Amman's 1987 and 2008 Master Plans
The Amman municipality was founded in 1909. By 1946, it covered an area of 31 square kilometers, and had a population of 60,000.[i] Since then, the city's residents have witnessed periods of shocking growth, both in terms of population and physical expansion. The Greater Amman Municipality (GAM) came into being in 1987 with the approval of the Jordanian Parliament. GAM was created as part of the Greater Amman Comprehensive Development Plan (GACDP), a seven-part report published in 1988 that laid out a plan for Amman’s growth until the year 2005. GAM was the result of the amalgamation of fourteen municipalities, fourteen village councils, and several rural areas previously under the jurisdiction of the Ministry of Municipal and Rural Affairs. Its structure was intended to centralize urban planning decision-making in those areas into one institution, while preserving local representation.[ii] Today, GAM covers 800 square kilometers and has a population of over four million people.[iii] Numerous plans of different scales have been made for Amman, including five plans for the city as a whole. These are the Development Plan of Amman of 1955; the Civic Center Development Plan of 1968; the 1987 Preliminary Study on the City Center Development for Municipality of Amman; the 1987 GACDP; and the Amman Plan of 2008. This article deals with the two most recent plans.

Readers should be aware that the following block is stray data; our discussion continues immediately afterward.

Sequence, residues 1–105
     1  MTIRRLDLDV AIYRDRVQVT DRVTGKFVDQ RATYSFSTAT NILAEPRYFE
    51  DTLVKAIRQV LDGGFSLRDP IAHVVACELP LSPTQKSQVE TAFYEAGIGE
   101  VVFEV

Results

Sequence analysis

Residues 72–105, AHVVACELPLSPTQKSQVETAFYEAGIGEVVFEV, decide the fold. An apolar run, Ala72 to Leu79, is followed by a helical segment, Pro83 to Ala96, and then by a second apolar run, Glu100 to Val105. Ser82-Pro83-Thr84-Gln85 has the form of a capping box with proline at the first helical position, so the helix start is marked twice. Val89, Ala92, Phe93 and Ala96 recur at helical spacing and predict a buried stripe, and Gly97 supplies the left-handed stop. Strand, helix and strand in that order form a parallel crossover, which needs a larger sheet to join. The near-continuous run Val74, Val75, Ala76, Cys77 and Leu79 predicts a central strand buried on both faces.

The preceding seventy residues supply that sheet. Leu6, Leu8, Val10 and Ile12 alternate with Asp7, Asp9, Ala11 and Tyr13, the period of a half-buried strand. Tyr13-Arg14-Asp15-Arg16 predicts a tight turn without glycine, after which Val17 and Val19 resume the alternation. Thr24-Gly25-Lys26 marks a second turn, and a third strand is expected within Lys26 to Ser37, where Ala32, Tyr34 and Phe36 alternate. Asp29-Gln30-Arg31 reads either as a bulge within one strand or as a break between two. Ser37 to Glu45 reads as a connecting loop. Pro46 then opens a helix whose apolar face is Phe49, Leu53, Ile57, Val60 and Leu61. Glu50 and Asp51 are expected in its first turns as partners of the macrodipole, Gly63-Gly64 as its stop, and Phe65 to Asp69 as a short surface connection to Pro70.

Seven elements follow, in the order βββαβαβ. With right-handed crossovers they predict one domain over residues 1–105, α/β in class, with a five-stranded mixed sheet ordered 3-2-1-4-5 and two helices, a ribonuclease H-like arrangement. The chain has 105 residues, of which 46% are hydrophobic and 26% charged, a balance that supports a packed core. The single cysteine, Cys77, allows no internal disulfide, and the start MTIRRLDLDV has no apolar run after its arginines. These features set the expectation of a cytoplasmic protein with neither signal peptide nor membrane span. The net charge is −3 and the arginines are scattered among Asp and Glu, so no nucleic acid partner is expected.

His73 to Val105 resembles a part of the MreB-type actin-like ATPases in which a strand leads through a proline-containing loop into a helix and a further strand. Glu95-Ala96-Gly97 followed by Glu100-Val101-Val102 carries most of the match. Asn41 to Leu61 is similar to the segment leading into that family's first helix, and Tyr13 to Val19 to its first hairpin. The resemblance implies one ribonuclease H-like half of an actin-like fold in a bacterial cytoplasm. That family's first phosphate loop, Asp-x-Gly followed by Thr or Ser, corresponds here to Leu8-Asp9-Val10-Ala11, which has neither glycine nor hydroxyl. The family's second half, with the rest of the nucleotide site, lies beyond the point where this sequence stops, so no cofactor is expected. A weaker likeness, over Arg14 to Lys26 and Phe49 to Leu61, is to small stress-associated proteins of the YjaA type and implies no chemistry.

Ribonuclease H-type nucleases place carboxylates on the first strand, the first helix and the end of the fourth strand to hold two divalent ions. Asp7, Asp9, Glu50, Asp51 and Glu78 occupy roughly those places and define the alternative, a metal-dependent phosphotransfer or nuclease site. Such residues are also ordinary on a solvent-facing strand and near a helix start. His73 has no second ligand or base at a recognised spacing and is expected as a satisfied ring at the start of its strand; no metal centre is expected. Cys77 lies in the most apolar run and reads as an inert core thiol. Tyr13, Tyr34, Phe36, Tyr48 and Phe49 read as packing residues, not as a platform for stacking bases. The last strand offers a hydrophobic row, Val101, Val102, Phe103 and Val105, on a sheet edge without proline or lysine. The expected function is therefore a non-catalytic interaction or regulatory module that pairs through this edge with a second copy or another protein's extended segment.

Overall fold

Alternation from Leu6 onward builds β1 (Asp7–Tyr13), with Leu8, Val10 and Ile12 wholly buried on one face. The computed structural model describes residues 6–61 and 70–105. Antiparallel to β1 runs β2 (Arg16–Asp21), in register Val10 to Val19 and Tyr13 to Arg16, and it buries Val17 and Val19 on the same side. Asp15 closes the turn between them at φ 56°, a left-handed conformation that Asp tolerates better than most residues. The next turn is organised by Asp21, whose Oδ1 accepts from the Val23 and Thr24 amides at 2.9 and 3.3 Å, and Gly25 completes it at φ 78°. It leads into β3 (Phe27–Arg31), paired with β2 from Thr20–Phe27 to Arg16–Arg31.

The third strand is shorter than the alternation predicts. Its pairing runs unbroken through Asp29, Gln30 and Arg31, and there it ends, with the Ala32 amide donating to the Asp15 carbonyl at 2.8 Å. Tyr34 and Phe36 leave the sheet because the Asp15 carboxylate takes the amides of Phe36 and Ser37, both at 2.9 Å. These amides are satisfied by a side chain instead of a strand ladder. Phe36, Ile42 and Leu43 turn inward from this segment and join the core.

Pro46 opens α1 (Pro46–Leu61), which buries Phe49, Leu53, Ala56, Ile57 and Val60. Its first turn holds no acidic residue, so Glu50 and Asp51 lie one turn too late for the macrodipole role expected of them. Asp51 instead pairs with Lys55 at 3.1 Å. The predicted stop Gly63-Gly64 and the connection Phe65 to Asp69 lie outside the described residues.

Set twenty years apart, GACDP and the Amman Plan are documents that function as overarching strategies for much larger planning operations. GACDP identified 56 urban and 10 rural communities within Greater Amman for which to develop local plans. The Amman Plan delineates 8 planning areas and 228 communities within those planning areas that would each require plans of their own.[iv] The smaller-scale plans refer to the master plans as guides for public service priorities and overall growth structure. The ambitions of the Amman Plan and GACDP are, however, far from being their only similarity. The priorities of the plans are also remarkably similar. Establishing a single municipal authority with a unified planning vision, directing growth to avoid sprawl, phasing the provision of infrastructure and public services in coordination with new development, as well as planning and prioritizing capital improvement projects and the implementation of an integrated transit and transportation strategy are some shared key objectives. Moreover, the reliance on a radial road network, an emphasis on strong public transportation, and the use of development centers and corridors to prevent further urban sprawl are all examples of strategies that reappear throughout GACDP and the Amman Plan. Achieving these objectives, however, has proved challenging. Amman today is clogged with traffic even though it has invested so much into its road networks. The Amman Bus Rapid Transport system is under development, but is far from completion. The current zoning process has not stopped Amman from continuing to spread.